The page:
As Athens Protests, Germany Scoffs over Greece Debt Bailout

By Francis, David | The Christian Science Monitor, March 11, 2010 | Go to article overview

As Athens Protests, Germany Scoffs over Greece Debt Bailout


Francis, David, The Christian Science Monitor


Protesters took to the streets of Athens on Thursday over government austerity measures. But anger is also growing in Germany at being asked to finance the Greece debt bailout.

More than 20,000 Greeks took to the streets of Athens on Thursday to protest planned government spending cuts and to express their anger over Germany's refusal to provide financial assistance to ease the Greece debt crisis.

Protestors fought with riot police, smashed storefront windows, and set fire to cars and buses as law enforcement authorities responded with tear gas and stun grenades. Such protests have occurred regularly in recent weeks over the government's cost- cutting measures in response to Greece's ballooning national debt. Austerity steps taken so far include raising the retirement age from 63 to 65 and lowering government workers' wages 8 percent.

Anti-German sentiment has tinged the protests, since the European Union's wealthiest nation has hesitated to finance a bailout for its southeastern neighbor. Greece was further inflamed when two German legislators suggested Greece sell some of its islands to pay off its debt, and one newspaper even suggested they sell the Acropolis.

IN PICTURES: Top 10 things Greece can sell to pay off its debt

Tensions eased last week when German Chancellor Angela Merkel met with Greek Prime Minister George Papandreou. She said the two reached "an understanding," though their truce did little to quell anger on both sides of the aisle.

Germany's politicians and public have asked why they should be on the hook for Greece's debt. They're enraged that the Greeks have dredged up World War II memories, with one Greek lawmaker demanding Germany pay reparations for the Nazi occupation. German workers, who recently saw their retirement age rise from 65 to 67, want Greece workers to chin up, too.

"There is the impression in Germany that the Greeks are not doing enough to reform their system," says Joerg Wolf, author of the Atlantic Review, a popular blog that tracks German politics. "They rely on others to bail them out without making sufficient efforts themselves."

Tabloids fuel populist anger

The Bild newspaper - regarded here as the paper of the people - has led the populist backlash against Greece. …

The rest of this article is only available to active members of Questia

Upgrade your membership to receive full access to:

  • Questia's entire collection
  • Automatic bibliography creation
  • More helpful research tools like notes, citations, and highlights
  • A full archive of books and articles related to this one
  • Ad‑free environment

Notes for this article

Add a new note
If you are trying to select text to create highlights or citations, remember that you must now click or tap on the first word, and then click or tap on the last word.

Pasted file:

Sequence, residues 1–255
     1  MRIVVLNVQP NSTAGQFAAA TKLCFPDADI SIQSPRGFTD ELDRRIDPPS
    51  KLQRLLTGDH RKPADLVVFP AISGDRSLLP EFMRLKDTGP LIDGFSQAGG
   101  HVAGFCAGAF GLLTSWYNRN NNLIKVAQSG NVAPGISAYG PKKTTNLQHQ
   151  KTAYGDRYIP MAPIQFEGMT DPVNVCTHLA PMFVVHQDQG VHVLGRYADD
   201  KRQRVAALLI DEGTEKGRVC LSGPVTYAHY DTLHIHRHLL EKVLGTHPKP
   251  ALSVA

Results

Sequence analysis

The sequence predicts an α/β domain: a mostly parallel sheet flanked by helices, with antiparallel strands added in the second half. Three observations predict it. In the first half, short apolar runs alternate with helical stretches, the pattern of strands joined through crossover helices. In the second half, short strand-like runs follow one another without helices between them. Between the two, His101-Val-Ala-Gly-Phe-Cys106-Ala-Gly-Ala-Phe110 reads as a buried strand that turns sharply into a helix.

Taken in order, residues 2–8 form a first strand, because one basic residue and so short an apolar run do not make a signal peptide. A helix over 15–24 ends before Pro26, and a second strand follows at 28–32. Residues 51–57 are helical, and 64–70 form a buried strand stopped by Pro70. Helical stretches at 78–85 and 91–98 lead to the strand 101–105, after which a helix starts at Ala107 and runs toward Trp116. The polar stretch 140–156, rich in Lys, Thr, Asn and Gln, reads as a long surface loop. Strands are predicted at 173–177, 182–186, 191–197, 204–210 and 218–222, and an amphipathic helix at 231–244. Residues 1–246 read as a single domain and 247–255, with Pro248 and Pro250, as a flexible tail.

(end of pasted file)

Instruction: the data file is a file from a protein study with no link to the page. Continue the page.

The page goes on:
One moment ...
Default project is now your active project.
Project items
Notes
Cite this article

Cited article

Style
Citations are available only to our active members.
Upgrade your membership to cite pages or passages in MLA 8, MLA 7, APA and Chicago citation styles.

(Einhorn, 1992, p. 25)

(Einhorn 25)

(Einhorn 25)

1. Lois J. Einhorn, Abraham Lincoln, the Orator: Penetrating the Lincoln Legend (Westport, CT: Greenwood Press, 1992), 25, http://www.questia.com/read/27419298.

Note: primary sources have slightly different requirements for citation. Please see these guidelines for more information.

Cited article

As Athens Protests, Germany Scoffs over Greece Debt Bailout
Settings

Settings

Typeface
Text size Smaller Larger Reset View mode
Search within

Search within this article

Look up

Look up a word

  • Dictionary
  • Thesaurus
Please submit a word or phrase above.
Print this page

Print this page

Why can't I print more than one page at a time?

Help
Full screen
Items saved in your active project from this article
  • Highlights & Notes
  • Citations
Some of your highlights are legacy items.

Highlights saved before July 30, 2012 will not be displayed on their respective source pages.

You can easily re-create the highlights by opening the book page or article, selecting the text, and clicking “Highlight.”

matching results for page

    Questia reader help

    How to highlight and cite specific passages

    1. Click or tap the first word you want to select.
    2. Click or tap the last word you want to select, and you’ll see everything in between get selected.
    3. You’ll then get a menu of options like creating a highlight or a citation from that passage of text.

    OK, got it!

    Cited passage

    Style
    Citations are available only to our active members.
    Upgrade your membership to cite pages or passages in MLA 8, MLA 7, APA and Chicago citation styles.

    "Portraying himself as an honest, ordinary person helped Lincoln identify with his audiences." (Einhorn, 1992, p. 25).

    "Portraying himself as an honest, ordinary person helped Lincoln identify with his audiences." (Einhorn 25)

    "Portraying himself as an honest, ordinary person helped Lincoln identify with his audiences." (Einhorn 25)

    "Portraying himself as an honest, ordinary person helped Lincoln identify with his audiences."1

    1. Lois J. Einhorn, Abraham Lincoln, the Orator: Penetrating the Lincoln Legend (Westport, CT: Greenwood Press, 1992), 25, http://www.questia.com/read/27419298.

    Cited passage

    Search by... Author
    Show... All Results Primary Sources Peer-reviewed

    Oops!

    An unknown error has occurred. Please click the button below to reload the page. If the problem persists, please try again in a little while.